Poetry analysis of "When You're Old" by W.B. Yeats

Essay by alliasHigh School, 11th grade February 2007

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W.B. Yeats has created rhythm in his poem "When You Are Old" by using a familiar meter, simple rhyme scheme and by enhancing these forms with effective poetic devices and substitutions.

Almost everyone who has studied English has read a play written by William Shakespeare. Yeats uses the same form, iambic pentameter, to create a steady rhythm that is familiar to many readers. He uses substitution feet to deviate from the regular meter and emphasize the parts of the poem he feels are important. For example, he uses a spondaic foot to make the alliteration "glad grace" stand out. To maintain his steady rhythm he also uses phyrric feet to rapidly flow through small words and prepositions. The second part of the line, "...and of their shadows deep;" uses one of these feet to keep 'of' from being stressed, adding to the effect of the imagery of the eyes in the past.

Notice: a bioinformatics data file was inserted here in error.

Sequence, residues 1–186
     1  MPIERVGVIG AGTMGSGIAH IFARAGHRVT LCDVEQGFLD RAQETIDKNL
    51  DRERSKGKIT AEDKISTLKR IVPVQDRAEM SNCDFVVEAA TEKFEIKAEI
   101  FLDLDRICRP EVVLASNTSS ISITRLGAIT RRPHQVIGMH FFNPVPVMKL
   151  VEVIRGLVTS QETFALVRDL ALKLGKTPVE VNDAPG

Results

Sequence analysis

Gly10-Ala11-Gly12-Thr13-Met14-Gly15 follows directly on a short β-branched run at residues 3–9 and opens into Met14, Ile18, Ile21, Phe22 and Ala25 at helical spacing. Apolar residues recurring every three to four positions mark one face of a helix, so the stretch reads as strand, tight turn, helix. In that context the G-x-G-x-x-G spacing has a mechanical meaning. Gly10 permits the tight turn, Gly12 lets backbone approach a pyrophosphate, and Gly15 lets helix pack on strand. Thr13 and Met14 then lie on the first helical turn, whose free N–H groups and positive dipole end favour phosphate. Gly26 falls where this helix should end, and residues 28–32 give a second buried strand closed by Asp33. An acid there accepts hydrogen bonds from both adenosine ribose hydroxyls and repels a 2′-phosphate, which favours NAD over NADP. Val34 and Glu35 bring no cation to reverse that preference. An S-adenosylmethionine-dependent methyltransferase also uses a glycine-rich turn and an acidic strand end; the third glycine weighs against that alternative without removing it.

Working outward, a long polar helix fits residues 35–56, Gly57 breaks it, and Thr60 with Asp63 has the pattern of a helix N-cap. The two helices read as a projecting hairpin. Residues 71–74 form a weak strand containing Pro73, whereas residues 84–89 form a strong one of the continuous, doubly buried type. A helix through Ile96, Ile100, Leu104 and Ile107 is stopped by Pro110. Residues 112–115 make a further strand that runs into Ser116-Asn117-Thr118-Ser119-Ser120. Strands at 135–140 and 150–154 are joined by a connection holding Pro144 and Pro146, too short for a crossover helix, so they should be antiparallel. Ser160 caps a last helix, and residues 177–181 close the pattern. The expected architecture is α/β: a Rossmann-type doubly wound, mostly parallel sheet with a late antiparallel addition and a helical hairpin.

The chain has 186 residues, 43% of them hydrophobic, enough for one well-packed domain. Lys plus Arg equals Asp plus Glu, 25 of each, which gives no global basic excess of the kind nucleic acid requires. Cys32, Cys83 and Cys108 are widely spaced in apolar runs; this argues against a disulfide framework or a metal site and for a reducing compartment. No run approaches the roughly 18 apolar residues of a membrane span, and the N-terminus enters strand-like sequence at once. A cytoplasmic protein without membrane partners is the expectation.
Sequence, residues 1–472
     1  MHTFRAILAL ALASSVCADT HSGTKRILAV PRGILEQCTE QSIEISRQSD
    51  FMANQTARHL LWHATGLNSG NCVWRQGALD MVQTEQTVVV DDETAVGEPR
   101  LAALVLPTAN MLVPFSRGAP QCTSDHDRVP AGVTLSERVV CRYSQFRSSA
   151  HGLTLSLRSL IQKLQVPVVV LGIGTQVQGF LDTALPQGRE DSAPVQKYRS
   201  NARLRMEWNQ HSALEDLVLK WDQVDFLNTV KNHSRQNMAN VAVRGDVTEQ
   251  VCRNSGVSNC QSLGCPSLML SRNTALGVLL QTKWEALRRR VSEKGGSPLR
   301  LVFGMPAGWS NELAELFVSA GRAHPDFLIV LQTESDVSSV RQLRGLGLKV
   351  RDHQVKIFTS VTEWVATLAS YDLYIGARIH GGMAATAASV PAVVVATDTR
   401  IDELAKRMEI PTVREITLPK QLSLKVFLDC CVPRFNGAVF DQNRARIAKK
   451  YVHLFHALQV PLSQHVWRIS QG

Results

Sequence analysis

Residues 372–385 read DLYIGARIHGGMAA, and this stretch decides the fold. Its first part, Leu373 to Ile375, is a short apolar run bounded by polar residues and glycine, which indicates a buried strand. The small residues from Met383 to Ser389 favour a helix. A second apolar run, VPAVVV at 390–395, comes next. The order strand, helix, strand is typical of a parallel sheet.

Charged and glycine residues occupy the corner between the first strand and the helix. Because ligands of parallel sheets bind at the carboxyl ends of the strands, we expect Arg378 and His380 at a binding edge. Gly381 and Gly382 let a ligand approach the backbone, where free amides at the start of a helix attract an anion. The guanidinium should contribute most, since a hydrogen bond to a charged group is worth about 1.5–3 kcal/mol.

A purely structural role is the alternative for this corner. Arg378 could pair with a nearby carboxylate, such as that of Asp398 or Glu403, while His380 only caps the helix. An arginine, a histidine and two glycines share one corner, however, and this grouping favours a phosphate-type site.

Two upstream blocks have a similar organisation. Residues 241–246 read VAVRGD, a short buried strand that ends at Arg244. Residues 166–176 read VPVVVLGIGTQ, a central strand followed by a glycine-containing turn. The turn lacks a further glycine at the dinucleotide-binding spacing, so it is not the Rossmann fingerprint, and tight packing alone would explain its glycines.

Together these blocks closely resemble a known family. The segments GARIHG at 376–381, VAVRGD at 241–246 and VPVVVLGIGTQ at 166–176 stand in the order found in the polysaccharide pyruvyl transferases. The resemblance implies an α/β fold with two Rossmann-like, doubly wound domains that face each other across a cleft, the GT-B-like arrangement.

The use of a simplistic rhyme scheme does not mean the poem is simple by any means. In fact, it is just the opposite. The use of an ABBA CDDC EFFE rhyme scheme is a strategic decision by the author to help create constant rhythm and repetition. Each stanza is one long poetic sentence that is held together with rhyme. The rhyming couplets in the 2nd and 3rd lines make the rhythm flow. The last word of the 4th line enhances the lyricism, completing the thought by connecting the 1st line with rhyme.

Along with his expert knowledge of poetic form Yeats uses a wide range of poetic devices to create rhythm. In this line he uses a substitution foot with alliteration to enhance his theme and make the happy memories more memorable to the reader: "How many loved your moments of glad grace." The themes of romance and loss are important and are elaborated on with the personification of Love: "Murmur, a little sadly, how Love fled and paced upon the mountains overhead and hid his face amid a crowd of stars." These devices are used appropriately because they stay within the steady rhythm that has already been created, adding to its overall effectiveness.

In summarization, W.B. Yeats experimented with many forms of poetry in his career and has a deep understanding for the presentation of the subject matter. He demonstrates this by creating a perpetual rhythm that when varied can be analytically recognized. He uses the familiar iambic pentameter; ABBA rhyme scheme; and wide range of literary devices to present his poem with a stable rhythm and smooth flow.


Yeats, William Butler. "When You're Old," 1865.